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Regulatory Update and Market Developments in Indonesia’s Multi-Finance Sector

Indonesia’s multi-finance sector has been receiving increased attention from both market players and the Financial Services Authority (Otoritas Jasa Keuangan, or “OJK”). Operators of peer-to-peer lending platforms, which are currently prohibited to provide on-balance sheet loans, are expected to lead expansion in this sector by taking over multi-finance companies (“MFCs”). By adding an MFC to their group, they will be able to both extend loans directly and act as intermediaries for loans, generating more revenue.

For its part, OJK appears keen to revive and develop the multi-finance sector, which has largely struggled to grow. According to OJK’s January 2019 monthly report on multi-finance companies, there are currently 187 licensed MFCs in Indonesia. However, many of these MFCs are either dormant or facing financial difficulties. OJK has begun monitoring them more closely, resulting in more administrative sanctions and licence revocations in recent times. Given the current state of the sector, it is unlikely that OJK will issue any new multi-finance licenses, preferring instead that existing dormant or non-performing MFCs are acquired and revitalised. To our knowledge, OJK has issued only a few multi-finance licenses since 2015.

This is all likely to lead to increased acquisition activities in Indonesia’s multi-finance sector, especially following the issuance of a new multi-finance regulation by OJK in December 2018. 

Key regulatory changes

OJK Regulation No. 35/POJK.05/2018 regarding Conduct of Multi-Finance Business (“POJK 35”) has introduced several significant changes to make the Indonesian multi-finance sector more attractive to potential entrants, including removing the restriction on providing cash loans. At the same time, it has put pressure on existing MFC players to seek additional funding to increase their minimum equity by the end of 2019. Six key changes introduced by POJK 35 are summarised here.

  • Cash loans – MFCs may now provide cash loans directly to debtors, either as business capital or to purchase goods and services for non-business purposes, with the restriction that they can only provide secured loans of up to 500 million rupiah (US$36,000) per debtor and that the aggregate amount of these cash loans must not exceed 25% of the MFC’s total financing.
  • Cooperation with third parties – MFCs may cooperate with third parties, which now expressly include peer-to-peer lending companies registered with or licensed by OJK, in conducting channelling and joint financing activities. Today, most of these MFC co-operations are with banks. In the case of channelling, one party provides the funds and bears the risks, while in joint financing, both parties provide the funds and share the risks proportionately.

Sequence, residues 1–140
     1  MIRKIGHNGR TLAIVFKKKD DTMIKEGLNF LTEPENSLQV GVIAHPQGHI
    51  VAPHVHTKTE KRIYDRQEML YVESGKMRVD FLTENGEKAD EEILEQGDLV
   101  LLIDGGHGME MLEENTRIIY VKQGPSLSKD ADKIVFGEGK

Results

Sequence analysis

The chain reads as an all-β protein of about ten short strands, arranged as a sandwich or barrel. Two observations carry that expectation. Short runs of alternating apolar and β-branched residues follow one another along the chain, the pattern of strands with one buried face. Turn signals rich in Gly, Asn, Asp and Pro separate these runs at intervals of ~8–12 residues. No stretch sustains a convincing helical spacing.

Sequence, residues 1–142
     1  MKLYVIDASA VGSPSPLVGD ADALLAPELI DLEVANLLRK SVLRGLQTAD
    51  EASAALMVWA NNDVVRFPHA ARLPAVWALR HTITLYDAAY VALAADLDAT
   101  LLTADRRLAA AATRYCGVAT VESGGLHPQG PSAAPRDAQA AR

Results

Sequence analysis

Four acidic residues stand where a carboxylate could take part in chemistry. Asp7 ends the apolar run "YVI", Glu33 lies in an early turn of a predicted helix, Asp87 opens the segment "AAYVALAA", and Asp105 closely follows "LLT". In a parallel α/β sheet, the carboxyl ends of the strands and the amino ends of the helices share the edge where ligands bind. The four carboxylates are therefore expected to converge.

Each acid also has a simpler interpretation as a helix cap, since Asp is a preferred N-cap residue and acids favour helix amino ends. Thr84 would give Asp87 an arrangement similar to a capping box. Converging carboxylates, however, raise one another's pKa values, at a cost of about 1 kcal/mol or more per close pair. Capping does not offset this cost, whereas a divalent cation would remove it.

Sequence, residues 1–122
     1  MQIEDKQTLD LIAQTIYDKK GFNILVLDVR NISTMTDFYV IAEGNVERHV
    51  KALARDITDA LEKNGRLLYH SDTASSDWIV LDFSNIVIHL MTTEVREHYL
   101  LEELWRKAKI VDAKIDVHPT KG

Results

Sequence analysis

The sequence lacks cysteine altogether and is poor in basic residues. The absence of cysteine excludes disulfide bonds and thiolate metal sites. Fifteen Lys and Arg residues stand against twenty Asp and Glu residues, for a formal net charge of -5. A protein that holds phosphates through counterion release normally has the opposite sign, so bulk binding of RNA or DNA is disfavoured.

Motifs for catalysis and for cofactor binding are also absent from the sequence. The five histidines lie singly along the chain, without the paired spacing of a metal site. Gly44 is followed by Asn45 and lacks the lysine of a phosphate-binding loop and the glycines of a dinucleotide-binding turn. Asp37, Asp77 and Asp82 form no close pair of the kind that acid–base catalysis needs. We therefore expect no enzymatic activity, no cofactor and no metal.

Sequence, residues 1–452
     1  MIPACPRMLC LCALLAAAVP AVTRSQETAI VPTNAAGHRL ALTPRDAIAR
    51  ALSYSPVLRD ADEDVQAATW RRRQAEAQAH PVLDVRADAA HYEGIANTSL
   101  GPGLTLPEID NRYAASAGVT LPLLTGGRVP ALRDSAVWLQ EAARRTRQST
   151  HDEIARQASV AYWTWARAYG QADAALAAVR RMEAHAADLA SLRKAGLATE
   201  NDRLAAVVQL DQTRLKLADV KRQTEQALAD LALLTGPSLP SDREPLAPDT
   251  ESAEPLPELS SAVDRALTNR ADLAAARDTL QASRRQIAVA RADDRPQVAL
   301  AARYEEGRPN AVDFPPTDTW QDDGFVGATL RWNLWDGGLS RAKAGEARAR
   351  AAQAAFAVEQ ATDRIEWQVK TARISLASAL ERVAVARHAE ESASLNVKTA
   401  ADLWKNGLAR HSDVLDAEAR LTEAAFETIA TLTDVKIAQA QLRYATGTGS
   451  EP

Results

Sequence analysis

• Equity increase – All MFCs are required to increase their equity to at least 100 billion rupiah (US$7 million) by 31 December 2019. Certain types of financing, including the financing of infrastructure projects, are subject to additional equity requirements.
  • Factoring – MFCs are not permitted to engage in (a) factoring with recourse with a term of more than ten years or (b) factoring without recourse with a term of more than two years. MFCs are also prohibited from entering into a factoring with recourse transaction with another MFC as the debtor.
  • Financing ratio – In addition to being required to maintain a financing-to-asset ratio of at least 40%, MFCs are now required to maintain at least 10% of their financing as investment and working capital financing. POJK 35 gives MFCs a three-year transition period in which to achieve a minimum ratio of 5% and six years to achieve a minimum ratio of 10%.

Annual fit-and-proper sustainability requirement for MFC management – Directors and commissioners of MFCs who have passed fit-and-proper tests are required to fulfil at least one of the prescribed sustainability requirements, namely (i) participating in a workshop or training, (ii) writing a publication, or (iii) sharing their professional knowledge by being a speaker or instructor in training sessions, all of which must be within the financial sector.

In addition to these changes, POJK 35 also introduces further operational requirements, including (i) ensuring financing agreements fulfil the minimum elements set out in POJK 35, (ii) document keeping protocols, and (iii) fraud management strategy. The regulation gives MFCs between six months and three years to comply, depending on the particular requirement. 

Foreign ownership and investment restrictions unchanged

Other major regulatory requirements under OJK Regulation No. 28/POJK.05/2014 on Multi-Finance Company Institutions and Business Licences (“POJK 28”) remain in force. POJK 28 limits foreign equity ownership of MFCs to 85% of issued share capital. MFCs that are publicly listed may trade up to 85% of their total issued shares on the stock exchange. The other 15% of their shares must be directly or indirectly owned by an Indonesian individual or governmental institution.

The restrictions on investments by MFCs are also unchanged. MFCs may only invest in the financial sector in Indonesia or in companies engaging in activities related to MFCs. The maximum direct investment that MFCs are permitted to make is 20% of their equity, of which no more than half can be invested in a single company group. 

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